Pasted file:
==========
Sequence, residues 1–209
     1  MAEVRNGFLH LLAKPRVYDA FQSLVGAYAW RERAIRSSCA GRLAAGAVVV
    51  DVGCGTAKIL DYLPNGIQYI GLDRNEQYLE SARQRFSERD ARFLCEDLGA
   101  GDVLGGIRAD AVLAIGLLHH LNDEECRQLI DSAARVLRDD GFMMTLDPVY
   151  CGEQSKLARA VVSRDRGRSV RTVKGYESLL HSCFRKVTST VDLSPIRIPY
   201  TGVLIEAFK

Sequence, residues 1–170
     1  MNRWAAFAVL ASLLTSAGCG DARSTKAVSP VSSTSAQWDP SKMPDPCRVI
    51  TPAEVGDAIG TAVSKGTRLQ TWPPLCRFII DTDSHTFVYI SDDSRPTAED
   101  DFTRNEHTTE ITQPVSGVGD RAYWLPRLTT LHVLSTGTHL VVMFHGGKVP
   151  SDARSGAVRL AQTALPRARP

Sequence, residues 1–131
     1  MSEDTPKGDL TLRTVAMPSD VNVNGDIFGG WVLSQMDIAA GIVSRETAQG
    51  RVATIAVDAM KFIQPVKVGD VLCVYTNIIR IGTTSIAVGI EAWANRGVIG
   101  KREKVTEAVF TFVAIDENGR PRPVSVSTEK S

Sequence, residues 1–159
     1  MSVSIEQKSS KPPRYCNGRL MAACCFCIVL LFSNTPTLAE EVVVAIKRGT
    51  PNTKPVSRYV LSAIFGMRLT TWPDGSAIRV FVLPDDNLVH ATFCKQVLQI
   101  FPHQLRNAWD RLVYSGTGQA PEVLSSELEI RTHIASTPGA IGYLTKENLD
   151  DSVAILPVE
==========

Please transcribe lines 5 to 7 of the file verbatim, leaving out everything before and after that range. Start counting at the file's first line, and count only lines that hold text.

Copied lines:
   151  CGEQSKLARA VVSRDRGRSV RTVKGYESLL HSCFRKVTST VDLSPIRIPY
   201  TGVLIEAFK

Sequence, residues 1–170